Join Kevin Kelly for an in-depth discussion in this video Using clickers to assess learning in the classroom, part of Teaching with Technology.
- In the chapter about facilitating in-class activities, we looked at a few ways to use clickers or clicker apps. Some teachers also use them for assessment of knowledge, skills and attitudes. The value of these clicker-based assessments ranges from no-stakes classroom assessment techniques to low-stakes quizzes to high-stakes midterm and final exams. Use a background knowledge probe to assess students' recall or understanding of required prior knowledge or recent class topics. Create a low-stakes clicker quiz to see what students remember from previous lectures or prerequisite courses.
Here you can see some example questions using Poll Everywhere, a clicker-type app for which students submit responses from their mobile devices. You can also use clickers to assess students' abilities to solve problems. In the movie on active learning, I outlined an activity called Think-Pair-Click. That activity is designed for students to help each other improve their problem-solving skills. The assessment version of these questions might be called Think-Write-Click. You project a problem, they write out their work and enter the right response via clicker instead of Scantron-style fill-in-the-bubble tests.
Some teachers use low-stakes activities like this instead of attendance or participation grades. The format is incredibly versatile. The scope of the assessment depends on the number of questions, the types of questions and what value you assign to them. Some clicker systems allow students to go at their own pace. This means you can provide a traditional paper quiz or exam. Students first enter the question number and then their answer via the clicker or clicker app. Another advantage to clicker-based assessments is that each quiz or exam is graded before the students leave the classroom or lab.
You can even review the results with the students, if there's time. Be sure to allow students to go back and check or change their responses. If you only give students one minute to answer each question before moving on, it adds pressure and negatively affects a wide variety of students. Proctoring clicker exams includes making sure that each student only has one clicker, so they don't answer a question or take an entire exam for a friend. If you are going to use clickers or clicker apps for high-stakes assessments, try a practice quiz first so students get a chance to practice.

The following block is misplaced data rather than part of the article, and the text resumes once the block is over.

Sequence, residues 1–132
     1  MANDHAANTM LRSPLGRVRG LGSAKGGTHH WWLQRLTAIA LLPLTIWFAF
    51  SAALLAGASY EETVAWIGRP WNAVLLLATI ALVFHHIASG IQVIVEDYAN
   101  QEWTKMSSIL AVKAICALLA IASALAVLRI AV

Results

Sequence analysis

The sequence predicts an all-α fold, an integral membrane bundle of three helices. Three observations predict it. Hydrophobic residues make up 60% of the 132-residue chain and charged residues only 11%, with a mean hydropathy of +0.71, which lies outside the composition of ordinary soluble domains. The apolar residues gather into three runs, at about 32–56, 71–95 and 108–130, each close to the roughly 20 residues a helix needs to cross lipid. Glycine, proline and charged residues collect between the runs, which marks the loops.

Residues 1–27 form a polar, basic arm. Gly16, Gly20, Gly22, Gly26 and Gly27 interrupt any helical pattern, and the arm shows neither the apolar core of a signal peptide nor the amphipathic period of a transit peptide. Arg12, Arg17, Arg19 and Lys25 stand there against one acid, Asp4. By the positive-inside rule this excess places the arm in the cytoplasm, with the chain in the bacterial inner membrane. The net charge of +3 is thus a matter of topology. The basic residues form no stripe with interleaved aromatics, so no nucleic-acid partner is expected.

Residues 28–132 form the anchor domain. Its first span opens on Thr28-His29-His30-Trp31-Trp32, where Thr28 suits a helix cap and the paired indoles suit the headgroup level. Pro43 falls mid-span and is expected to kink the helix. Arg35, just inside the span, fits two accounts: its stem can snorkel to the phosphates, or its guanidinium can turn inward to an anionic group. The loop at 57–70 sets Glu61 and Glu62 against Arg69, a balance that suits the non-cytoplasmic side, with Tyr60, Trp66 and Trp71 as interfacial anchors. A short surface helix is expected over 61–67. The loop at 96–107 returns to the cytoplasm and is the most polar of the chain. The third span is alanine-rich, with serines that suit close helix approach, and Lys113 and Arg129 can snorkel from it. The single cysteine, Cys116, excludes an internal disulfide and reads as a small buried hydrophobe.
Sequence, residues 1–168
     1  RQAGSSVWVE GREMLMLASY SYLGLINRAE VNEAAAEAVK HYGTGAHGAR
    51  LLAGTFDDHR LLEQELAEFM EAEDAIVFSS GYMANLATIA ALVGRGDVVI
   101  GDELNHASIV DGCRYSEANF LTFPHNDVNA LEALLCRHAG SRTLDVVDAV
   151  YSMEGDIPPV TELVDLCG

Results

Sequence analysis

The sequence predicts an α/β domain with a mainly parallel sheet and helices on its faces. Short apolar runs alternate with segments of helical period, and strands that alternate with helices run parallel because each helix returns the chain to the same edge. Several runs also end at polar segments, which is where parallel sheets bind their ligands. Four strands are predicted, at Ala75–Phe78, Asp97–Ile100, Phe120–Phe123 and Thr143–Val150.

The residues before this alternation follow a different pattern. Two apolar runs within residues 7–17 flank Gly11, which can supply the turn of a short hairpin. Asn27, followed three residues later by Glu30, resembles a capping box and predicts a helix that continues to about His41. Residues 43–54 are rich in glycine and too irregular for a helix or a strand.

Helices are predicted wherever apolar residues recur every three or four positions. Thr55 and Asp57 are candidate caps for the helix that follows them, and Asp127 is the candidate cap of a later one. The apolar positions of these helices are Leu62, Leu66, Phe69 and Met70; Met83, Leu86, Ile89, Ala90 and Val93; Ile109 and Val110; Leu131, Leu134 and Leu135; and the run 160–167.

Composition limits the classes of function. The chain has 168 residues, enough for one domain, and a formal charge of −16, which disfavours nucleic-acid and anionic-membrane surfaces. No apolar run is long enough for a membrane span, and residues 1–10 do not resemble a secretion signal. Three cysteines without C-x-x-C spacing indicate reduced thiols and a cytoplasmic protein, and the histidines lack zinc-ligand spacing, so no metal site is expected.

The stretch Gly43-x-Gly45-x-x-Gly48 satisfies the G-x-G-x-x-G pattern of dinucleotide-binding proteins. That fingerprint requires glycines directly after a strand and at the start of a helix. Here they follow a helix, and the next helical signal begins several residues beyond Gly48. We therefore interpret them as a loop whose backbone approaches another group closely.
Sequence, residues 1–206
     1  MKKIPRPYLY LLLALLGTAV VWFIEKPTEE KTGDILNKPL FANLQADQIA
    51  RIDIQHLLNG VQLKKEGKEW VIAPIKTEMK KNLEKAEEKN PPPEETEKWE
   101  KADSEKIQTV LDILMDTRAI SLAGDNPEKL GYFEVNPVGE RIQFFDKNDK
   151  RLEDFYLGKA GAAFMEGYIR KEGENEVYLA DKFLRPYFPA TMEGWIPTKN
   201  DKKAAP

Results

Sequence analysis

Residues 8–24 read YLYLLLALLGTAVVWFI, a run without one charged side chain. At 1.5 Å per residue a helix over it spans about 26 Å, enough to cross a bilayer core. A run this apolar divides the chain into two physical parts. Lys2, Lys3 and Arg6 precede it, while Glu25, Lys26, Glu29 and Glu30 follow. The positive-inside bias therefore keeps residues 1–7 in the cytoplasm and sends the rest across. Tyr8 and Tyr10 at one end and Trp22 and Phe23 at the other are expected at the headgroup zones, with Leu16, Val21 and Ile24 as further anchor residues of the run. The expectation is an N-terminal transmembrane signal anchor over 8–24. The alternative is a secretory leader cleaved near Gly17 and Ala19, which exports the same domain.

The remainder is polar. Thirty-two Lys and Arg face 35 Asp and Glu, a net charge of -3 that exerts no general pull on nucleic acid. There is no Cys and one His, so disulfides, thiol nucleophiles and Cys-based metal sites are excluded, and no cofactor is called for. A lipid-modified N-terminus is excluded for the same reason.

Other types of assessment inform you and/or your students about how things are going. The goal of these assessments is awareness, rather than grades. Use the Plus/Delta exercise described in the movie on evaluating teaching effectiveness to focus specifically on aspects of the class format that are working or that might require changes. To helps students assess their own self-awareness, you can ask questions related to how they approach specific material or how they approach learning in general. For example, Eileen Lewis and Elaine Seymour created an attitudinal survey that asks students to rate the extent to which they agree or disagree with statements like, I learn well by doing homework assignments or using diagrams and other visual media or working with a lab partner.
You can create or modify a similar survey and ask students to take it online. If you want to assess student attitudes or levels of engagement, then create questions to solicit student feedback about course materials, activities or even the format, such as flipped or hybrid. For example, use clickers or an online survey tool to ask how they feel about recent class activities. Specifically, have them rate the extent to which it helped them reach a learning outcome. I've mentioned before that some clickers and clicker apps have the ability to cross tabulate.
If your solution has that capability, see if you can save the demographic data about your students and use it for the entire academic term. Before reviewing the next movie, take a minute to answer the following questions for yourself. How will you use clickers or clicker apps for assessment? What value or percentage of the grade will you assign to assessment with clickers? And, how will you use clickers to increase awareness for yourself, your students or both?
Author Kevin Kelly explains how learning outcomes can be adapted to support technology in the classroom, and guides educators through selecting the appropriate technology for their activity, module, or class. Then he shows how to apply technology in three key areas: finding, creating, and sharing content with students; facilitating classroom activities; and assessing learning inside the classroom or online.
- Including technology in your learning outcomes
- Applying Universal Design for Learning (UDL) principles
- Finding and creating content and instructional materials
- Enhancing lectures and presentations with technology
- Getting students involved
- Facilitating in-class activities
- Assessing learning
- Teaching effectively online